“Her right arm was almost completely stripped of soft tissue and she had damage to all three major nerves of the arm,” recalls Dr. Obi. “This left her with what may be described as a claw-like, useless and painful upper extremity.”
The referring hand surgeon had hopes that Dr. Obi could use autologous fat to insulate the bones and nerves in an effort to reduce her severe phantom pain syndrome. Other surgeons had considered and recommended amputation because her arm was rendered useless and the source of severe pain. Lewis J. Obi, MD
However, within a matter of months, after a series of fat grafting procedures, the patient not only experience a dramatic decrease in pain, but she began to regain feeling and movement in her hand. Remarkably, within a year she was able to use her arm, pronate and supinate her hand as well as move her fingers.
These results he now recognizes are known to be secondary to the high stem cell content of adult fat. Dr. Obi believes that during the early use of body fat in medicine, clinicians did not clearly under-stand fat to be such a viable and readily available source of stem cells, or that the rich supply of stem cells in fat contains cellular components that stimulates regeneration. 

The Proof is in the Practice

After the advent of liposuction in the mid-seventies, plastic surgeons sought ways to use the suctioned fat that is normally discarded after the procedure. As a reconstructive, hand and aesthetic surgeon, Dr. Lewis Obi began using fat as a graft due to its effective structural qualities, but at that time he did not fully understand its cellular components. Physicians now know that fat contains up to 3,000 times more stem cells than bone marrow—and with much higher viability. Fat is easy to harvest and capable of producing up to 50 million viable stem cells from a two-ounce sample.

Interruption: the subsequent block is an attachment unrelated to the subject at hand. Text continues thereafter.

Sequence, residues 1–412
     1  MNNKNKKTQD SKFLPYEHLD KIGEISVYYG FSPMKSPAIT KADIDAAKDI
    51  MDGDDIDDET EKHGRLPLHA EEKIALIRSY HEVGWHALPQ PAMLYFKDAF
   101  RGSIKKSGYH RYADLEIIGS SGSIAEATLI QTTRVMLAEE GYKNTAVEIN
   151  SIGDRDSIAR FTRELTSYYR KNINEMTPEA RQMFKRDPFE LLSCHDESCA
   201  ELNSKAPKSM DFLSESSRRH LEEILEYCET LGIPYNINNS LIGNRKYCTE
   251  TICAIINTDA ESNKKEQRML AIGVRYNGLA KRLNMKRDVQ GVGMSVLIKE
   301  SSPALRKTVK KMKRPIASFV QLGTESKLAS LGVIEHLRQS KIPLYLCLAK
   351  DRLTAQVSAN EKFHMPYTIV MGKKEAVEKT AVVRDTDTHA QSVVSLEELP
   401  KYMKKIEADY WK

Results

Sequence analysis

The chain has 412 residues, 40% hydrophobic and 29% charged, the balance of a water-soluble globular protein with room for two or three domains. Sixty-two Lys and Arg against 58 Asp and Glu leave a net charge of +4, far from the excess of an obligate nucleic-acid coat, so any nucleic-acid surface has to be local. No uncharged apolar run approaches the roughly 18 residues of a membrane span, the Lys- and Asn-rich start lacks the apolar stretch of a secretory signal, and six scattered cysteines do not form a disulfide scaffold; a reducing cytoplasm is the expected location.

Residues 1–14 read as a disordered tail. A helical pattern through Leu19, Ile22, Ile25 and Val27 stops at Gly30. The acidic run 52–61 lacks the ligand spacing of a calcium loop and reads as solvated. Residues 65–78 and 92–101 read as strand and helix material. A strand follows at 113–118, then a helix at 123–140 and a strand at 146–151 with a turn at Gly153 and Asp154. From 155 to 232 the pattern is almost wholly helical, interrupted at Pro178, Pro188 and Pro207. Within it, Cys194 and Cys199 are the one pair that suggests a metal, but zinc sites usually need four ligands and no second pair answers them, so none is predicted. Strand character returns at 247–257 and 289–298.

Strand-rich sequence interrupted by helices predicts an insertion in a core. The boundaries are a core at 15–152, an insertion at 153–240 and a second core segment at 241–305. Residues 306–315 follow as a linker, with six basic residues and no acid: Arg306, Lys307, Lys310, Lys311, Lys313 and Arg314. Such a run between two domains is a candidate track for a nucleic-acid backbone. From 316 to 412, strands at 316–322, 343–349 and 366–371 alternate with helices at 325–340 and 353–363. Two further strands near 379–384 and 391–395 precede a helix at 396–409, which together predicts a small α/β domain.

“I have used specialized fat grafting techniques for almost 40 years in both my reconstructive and cosmetic practices,” explains Dr. Obi. “I believe I have perhaps completed more of these procedures than any other doctor in my specialty and am honored to be regarded as one of the leading authorities in the field. In fact, several years ago I contributed a chapter in the first book ever published on the use of stem cells in aesthetic medicine, Stem Cells in Aesthetic Procedures, by Springer publishers.
”Last year, Dr. Obi teamed up with Pangenics team member, Dr. David Heekin, to treat a 73-year-old woman, disabled with arthritis of both knees. Simultaneously, a laser body sculpting procedure was performed and the fat was processed to perform a non-surgical facelift. Twenty million viable stem cells were then delivered directly to both knees as well as intravenously. Platelet Rich Plasma (PRP) was then added to the knees and face, enhancing results and reducing bruising following the procedure. The patient was ambulatory and presentable the next day. The majority of these patients return to most of their regular activities within a week.
“Again, the dictum ‘do not operate, but regenerate’ is very appealing to the patient,” Dr. Obi reiterates. “The combination of laser neck and body tightening plus specialized large volume fat grafting to the face was coined by my practice as the OPERA Lift (ObiPalomarReguvena-tionAesthetics) almost ten years ago.” Palomar Medical Technology—out of Boston—introduced Dr. Obi to their SlimLipo platform for body sculpting and also to his Asian stem cell plastic surgery colleagues in South Korea and Japan. They continue to be in the forefront of stem cell therapy for regenerative medicine because of the favorable regulatory governmental agencies in those countries.